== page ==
Tag Archives: generosity

That Crazy Song Stuck In My Head

Have you ever got a song stuck in your head and not even dental floss would get it out?  There’s a contemporary Christian song, something about “inside out,” that drives me bonkers. If I hear it coming on my music, I’ll jump it or zap it or whatever.

The song is okay, but for some reason it lodged in my head and I’d wake up in the night with it playing in my brain. Often during the day I’d become aware of this song in the background of my consciousness. This continued for weeks!

Scream! I finally asked the Lord to take it away because it was making me miserable. Well, it finally went away, though now that I’m aware of it, it may come back again.

Recently, though, an interesting idea has been trotting around that great empty space in my skull. This hasn’t frustrated me like the song did; it has intrigued me.
God has been talking to me about generosity.

Now, I know that’s what I wrote about last week, but it keeps getting better.

Here’s some things I’ve noticed about generosity:

1.    A generous person tends to create a culture of generosity around himself.  This word has Proto-Indo-European roots (whatever that means). The “gen” part meant “give birth, beget.” When I read that I got excited. The person who is generous creates something, gives birth to something, around himself—a culture of generosity.
He influences his family towards liberality. She impacts her colleagues at work to speak generously, kindly, and act in the same way.

2.    Generosity and sacrifice are blood brothers. It’s rare that you see generosity where you don’t see sacrifice of some kind. It might be a sacrifice of money, a sacrifice of time, or a sacrifice of self, or a sacrifice of praise. But sacrifice is vitally connected to generosity. If you don’t believe it look at the generous cross of Jesus. Continue reading

To Give Or Not To Give, That Is the Question…

people-844207_640Once I drove towards Schifflange, Luxembourg to put up posters for an evangelistic activity we were sponsoring.

Suddenly I saw a man stagger from the sidewalk into the street. 

I thought he was having a medical problem so I stopped to help. 

When I got to him, though, I saw that his “medical problem” gurgled from a bottle.

I worried, though, that he would wander back into the street and get run over, so I asked him where he lived, hoping to help him home. He wasn’t very coherent but an old lady happened by and she knew him. She said she could show me.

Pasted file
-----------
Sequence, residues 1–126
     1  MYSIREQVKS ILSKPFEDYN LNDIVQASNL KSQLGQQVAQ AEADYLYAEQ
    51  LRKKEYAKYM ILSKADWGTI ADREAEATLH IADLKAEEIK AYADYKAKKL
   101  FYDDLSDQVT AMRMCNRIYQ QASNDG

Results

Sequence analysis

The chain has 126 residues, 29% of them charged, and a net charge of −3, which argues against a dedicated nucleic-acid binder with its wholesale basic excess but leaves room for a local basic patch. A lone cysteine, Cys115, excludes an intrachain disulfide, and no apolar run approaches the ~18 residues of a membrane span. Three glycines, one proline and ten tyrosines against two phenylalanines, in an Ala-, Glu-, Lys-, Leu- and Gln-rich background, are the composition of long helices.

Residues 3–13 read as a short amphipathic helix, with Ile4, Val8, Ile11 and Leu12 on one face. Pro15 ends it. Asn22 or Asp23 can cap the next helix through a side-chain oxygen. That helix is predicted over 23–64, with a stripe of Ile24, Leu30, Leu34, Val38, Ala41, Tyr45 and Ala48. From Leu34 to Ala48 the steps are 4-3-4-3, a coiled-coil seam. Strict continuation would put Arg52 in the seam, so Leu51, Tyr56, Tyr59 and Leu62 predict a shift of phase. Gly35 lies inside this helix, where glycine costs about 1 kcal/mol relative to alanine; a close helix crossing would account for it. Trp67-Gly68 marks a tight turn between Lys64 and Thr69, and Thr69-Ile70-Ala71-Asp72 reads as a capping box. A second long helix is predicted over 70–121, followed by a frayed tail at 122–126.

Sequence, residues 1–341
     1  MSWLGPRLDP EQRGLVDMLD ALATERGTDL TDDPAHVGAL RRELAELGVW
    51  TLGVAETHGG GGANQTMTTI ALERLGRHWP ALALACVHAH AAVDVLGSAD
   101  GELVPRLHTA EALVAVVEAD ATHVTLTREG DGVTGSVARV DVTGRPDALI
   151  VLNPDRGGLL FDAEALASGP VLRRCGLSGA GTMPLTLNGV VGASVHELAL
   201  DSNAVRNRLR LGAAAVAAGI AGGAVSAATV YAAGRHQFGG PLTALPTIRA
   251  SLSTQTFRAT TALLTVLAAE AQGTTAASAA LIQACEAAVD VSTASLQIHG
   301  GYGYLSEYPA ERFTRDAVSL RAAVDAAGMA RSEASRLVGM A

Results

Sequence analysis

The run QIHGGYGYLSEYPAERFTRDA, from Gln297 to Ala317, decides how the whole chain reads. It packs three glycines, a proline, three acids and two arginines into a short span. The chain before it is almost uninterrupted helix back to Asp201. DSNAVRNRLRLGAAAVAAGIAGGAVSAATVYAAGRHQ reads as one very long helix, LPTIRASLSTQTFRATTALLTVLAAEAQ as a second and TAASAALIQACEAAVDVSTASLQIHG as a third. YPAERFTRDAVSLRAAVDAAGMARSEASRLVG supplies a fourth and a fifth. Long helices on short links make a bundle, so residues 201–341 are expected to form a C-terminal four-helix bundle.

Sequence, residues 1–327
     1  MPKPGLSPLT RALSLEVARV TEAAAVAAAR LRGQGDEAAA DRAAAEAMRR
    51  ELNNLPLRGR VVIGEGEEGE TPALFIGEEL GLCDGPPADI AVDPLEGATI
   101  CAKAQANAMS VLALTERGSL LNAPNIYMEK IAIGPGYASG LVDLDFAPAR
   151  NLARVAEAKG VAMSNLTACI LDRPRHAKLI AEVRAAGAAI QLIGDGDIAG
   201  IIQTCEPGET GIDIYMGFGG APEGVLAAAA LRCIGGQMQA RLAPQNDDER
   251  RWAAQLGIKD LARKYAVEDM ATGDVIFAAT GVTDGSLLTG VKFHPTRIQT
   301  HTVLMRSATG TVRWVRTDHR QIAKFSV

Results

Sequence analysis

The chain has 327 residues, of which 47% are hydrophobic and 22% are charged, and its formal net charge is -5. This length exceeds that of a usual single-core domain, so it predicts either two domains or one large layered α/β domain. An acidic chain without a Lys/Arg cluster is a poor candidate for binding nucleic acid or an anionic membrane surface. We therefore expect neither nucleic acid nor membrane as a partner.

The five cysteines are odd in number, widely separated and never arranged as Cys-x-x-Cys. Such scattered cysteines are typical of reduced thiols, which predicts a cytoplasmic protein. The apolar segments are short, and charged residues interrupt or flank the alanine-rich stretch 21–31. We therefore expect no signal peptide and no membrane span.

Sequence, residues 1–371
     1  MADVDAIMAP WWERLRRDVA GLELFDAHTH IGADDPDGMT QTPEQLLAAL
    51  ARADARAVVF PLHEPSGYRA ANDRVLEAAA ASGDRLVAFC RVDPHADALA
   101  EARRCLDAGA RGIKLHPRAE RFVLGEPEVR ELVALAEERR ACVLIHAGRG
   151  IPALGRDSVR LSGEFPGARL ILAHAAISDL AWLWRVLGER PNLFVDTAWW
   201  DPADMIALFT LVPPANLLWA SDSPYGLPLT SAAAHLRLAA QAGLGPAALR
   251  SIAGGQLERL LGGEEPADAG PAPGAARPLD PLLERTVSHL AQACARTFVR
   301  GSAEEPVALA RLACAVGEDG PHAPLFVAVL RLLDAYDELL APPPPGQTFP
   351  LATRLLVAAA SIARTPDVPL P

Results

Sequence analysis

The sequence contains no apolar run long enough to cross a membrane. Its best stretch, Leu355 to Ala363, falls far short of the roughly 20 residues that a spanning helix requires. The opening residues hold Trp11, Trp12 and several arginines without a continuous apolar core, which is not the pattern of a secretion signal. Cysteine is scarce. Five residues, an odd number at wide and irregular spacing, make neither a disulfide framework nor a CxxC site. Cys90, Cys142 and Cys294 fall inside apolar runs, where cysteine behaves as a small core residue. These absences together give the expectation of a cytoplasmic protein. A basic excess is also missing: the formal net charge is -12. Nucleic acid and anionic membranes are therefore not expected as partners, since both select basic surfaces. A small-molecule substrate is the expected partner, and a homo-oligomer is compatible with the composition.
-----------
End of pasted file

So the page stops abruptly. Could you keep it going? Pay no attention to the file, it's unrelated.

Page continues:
And show me she tried to—from the sidewalk on the other side of the street she would point the direction. She didn’t want anyone to see her walking through town with a drunk man.

She left that to me.

I told the man I was taking him home, so occasionally he would raise his arm like Teddy Roosevelt leading the charge at San Juan hill and yell, “A la maison!” (to the house!) Continue reading

Are You Eating Your Seed Grain?


Del Tarr talks about his experience in the Sahel, just under the Sahara desert. 

All the rain in this area of West Africa falls in four months—May through August. In October and November the people rejoice. Harvest has come. 

There is plenty of food. They can eat two meals a day.

But, as the year proceeds the granaries shrink. Hunger begins to bites. 

Tarr says, “April is the month that haunts my memory…Parents go at this time of year to the bush country, where they scrape bark from certain trees. They dig up roots as well, collect leaves, and grind it all together to make a thin gruel. 

“They may pawn a chair, a cooking pot, or bicycle tires in order to buy a little more grain from those wealthy enough to have some remaining, but most often the days are passed with only an evening cup of gruel.”

At this time there was always a little boy somewhere who would run into the house and tell his father, “I’ve found grain!” He’d been poking around in the hut behind the house and found a leather pouch full of grain.

He thought the family was saved.

The father would sadly shake his head and say, “Son, that is our seed. If we eat that there will be no harvest.” Continue reading